Last week at Harrison’s three-year-old check-up, the pediatrician mentioned that it was time to start teaching “stranger danger.” Not that it was time to tell him that everyone he meets is a potential murderer and read him The Lovely Bones at bedtime, but just grow awareness that not everyone in the world can be trusted and that there are “good” strangers and “bad” strangers.
I know that I’m bad at telling Harry to wave at the nice man who waved at him in the grocery aisle or prompting him to, “Say hi!” to the cashier. It’s crossed my mind a few times that I’m probably not doing justice to teaching good boundaries in this day and age because let’s face it, it’s not 1983 anymore and the world is a different place than when I grew up. On the other hand, I don’t want him to be afraid all the time. He needs to be confident enough to approach a store clerk if he gets lost or a policeman if he feels like he is in danger.
Here are 8 tips for teaching stranger danger to your toddler:
THEY HAVE RIGHTS AGAINST ADULTS
They have a right to say NO to a stranger, to scream, to fight, to kick when they feel unsafe. They have a right to be rude when they are afraid.
DON’T DO THE BLANKET STATEMENT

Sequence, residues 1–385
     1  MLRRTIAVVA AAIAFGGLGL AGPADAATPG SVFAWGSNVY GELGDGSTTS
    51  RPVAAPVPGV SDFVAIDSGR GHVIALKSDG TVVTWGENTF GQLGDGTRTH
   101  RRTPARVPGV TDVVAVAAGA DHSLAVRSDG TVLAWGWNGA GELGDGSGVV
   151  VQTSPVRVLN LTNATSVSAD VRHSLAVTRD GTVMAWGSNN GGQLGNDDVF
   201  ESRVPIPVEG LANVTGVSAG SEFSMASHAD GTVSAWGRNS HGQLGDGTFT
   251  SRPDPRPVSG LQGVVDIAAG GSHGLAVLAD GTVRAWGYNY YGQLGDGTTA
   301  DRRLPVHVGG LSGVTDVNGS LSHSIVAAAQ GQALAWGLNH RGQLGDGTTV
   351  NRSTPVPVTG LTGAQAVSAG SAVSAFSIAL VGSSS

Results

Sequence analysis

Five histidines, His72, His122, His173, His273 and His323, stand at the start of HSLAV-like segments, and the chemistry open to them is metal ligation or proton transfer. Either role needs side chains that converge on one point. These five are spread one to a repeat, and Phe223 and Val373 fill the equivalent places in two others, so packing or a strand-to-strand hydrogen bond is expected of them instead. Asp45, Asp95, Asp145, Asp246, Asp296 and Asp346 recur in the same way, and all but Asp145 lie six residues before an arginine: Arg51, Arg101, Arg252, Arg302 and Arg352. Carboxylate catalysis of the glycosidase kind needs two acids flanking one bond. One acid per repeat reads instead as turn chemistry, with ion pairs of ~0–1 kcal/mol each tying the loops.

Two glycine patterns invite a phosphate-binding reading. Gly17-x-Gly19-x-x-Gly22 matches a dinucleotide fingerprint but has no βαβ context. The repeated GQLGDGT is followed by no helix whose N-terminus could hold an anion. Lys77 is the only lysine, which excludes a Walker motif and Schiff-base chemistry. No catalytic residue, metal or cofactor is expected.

“Don’t talk to strangers,” is what folks usually say, but instead, teach her what strangers are okay to approach. For example police officers, firemen, and teachers will all lend a hand.
REMIND HIM TO LISTEN TO HIS FEELINGS
Kids have instincts to protect themselves, just like you and me. If he doesn’t feel safe, then remind him that he can tell someone.
REMIND HER THAT SHE CAN TELL YOU ANYTHING
You’ll love her no matter what she says and no matter what anyone does to her. Create a safe place in your home and relationship so that she can talk openly with you.
TEACH PRIVATE PARTS
Call them by their proper biological names and discuss how only mommies, daddies, and doctors are allowed to touch. (And whoever you trust, like Grandma.)
NO TREATS, NO TASKS.
Tell him that if a stranger offers him a treat or asks for help with a task, he is to say “NO!” loudly and walk away. Grown ups should ask grown ups for help.
After you discuss what to do when a stranger approaches her, role play. Pretend you are a the stranger and ask her to show you what she’s supposed to do.
TALK ABOUT IT OFTEN
Practice with role playing. Talk about it often. Make examples while you’re out by pointing out “nice” strangers that are trust-worthy, like a policeman or store clerk.